When the scilla came up the first spring, they were rather pretty, but the next year, and every year afterward, they grew increasingly taller, and the long, floppy foliage took ages to die back. The woolly thyme was also beginning to rise in mounds as it grew over the scilla—hardly the effect she was seeking.
“Now I'm using different kinds of thyme for variety and, where I want just a little height, I'm adding dwarf hens and chicks and low-growing dianthus,” she says. The cultivar ‘Tiny Rubies' is a favourite.
Provided you choose the right plants, maintenance should be no problem once they're well established. Keep plants trimmed or let them roam, but be vigilant when it comes to weeds, and sweep gently with a broom when clearing snow. You'll be rewarded with a revitalized footpath in the spring.
Uncommon stepping stones
Stepping stones can serve multiple purposes in the garden. In addition to forming traditional paths, three or four might be placed to lead the visitor into an intriguing garden nook, or a single one used as a striking accent beneath a bird bath, under an outdoor tap or in front of a garden seat.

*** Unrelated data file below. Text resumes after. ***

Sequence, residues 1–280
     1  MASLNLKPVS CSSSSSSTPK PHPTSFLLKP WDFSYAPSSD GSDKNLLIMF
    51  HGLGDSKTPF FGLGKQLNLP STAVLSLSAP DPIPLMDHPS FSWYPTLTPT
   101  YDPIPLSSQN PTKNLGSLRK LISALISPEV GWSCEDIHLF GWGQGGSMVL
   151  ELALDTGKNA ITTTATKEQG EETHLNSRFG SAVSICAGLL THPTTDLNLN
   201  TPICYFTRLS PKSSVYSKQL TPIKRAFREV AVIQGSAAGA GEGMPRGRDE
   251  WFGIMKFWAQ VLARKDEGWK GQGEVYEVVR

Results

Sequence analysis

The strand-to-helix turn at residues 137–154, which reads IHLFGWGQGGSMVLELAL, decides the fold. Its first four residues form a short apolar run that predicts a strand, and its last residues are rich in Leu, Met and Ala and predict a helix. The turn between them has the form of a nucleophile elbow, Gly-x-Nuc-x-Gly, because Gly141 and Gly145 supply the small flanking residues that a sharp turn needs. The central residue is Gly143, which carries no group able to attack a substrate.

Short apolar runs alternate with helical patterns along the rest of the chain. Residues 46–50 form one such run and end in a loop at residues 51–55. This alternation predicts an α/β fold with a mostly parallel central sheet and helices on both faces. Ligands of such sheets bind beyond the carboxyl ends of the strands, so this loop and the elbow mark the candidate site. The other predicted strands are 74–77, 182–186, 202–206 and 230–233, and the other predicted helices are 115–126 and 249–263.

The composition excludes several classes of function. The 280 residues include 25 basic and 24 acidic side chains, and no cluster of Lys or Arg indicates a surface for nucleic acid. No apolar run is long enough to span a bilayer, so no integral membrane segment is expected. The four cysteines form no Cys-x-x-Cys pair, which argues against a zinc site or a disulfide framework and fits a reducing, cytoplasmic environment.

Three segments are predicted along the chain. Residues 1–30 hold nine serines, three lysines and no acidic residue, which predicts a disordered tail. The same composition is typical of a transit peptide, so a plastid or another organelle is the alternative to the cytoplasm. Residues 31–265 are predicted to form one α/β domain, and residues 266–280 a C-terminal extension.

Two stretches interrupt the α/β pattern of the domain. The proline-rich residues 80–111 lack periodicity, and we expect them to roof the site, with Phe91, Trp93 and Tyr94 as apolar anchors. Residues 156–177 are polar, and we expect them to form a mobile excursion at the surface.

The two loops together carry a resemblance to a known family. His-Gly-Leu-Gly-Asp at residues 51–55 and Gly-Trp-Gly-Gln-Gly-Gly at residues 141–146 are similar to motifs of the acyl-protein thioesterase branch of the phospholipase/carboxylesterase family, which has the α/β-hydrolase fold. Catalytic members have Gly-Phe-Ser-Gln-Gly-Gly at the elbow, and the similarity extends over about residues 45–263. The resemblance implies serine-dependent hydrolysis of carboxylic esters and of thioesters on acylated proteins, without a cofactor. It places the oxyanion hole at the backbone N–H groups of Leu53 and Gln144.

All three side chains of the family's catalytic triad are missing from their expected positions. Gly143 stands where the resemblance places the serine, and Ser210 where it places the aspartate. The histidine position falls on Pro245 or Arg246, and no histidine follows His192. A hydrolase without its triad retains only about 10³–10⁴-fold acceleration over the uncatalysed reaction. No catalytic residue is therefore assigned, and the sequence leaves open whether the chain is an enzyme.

Images of fossils—both real and imaginary—highlight the stepping stones designed by Heather and John Zondervan of Metallic Evolution. The images are cut right through the irregularly shaped stones, crafted from three-millimetre-thick steel, allowing the sand, gravel or earth underneath to show through.
>Gabriel Cortez, designer at ArtStone, crafts stepping stones of natural stone mosaics in floral and abstract designs. Each is one-of-a-kind and can be further personalized with engravings for special occasions.
Stained-glass stepping-stones are surprisingly durable. Artist Judi Waymark, owner of The Glass Garden, uses glass mosaic on concrete to create stones featuring hummingbirds, dragonflies and sunflowers, among other motifs, and offers do-it-yourself kits.
Or, make your own. Designer Karen Kirk created leaf-shaped stepping stones out of concrete. To make the mould for the concrete, Karen bent flexible black plastic garden edging into shape, then taped the ends together. After pouring concrete into the mould, she let it set for a bit, then pressed shells, stones and leaves onto its surface. You'll find instructions on how to do this project in the September 2001 issue of our sister publication, Canadian Home Workshop, at this location. (For another version using giant leaves, see “One Step at a Time”).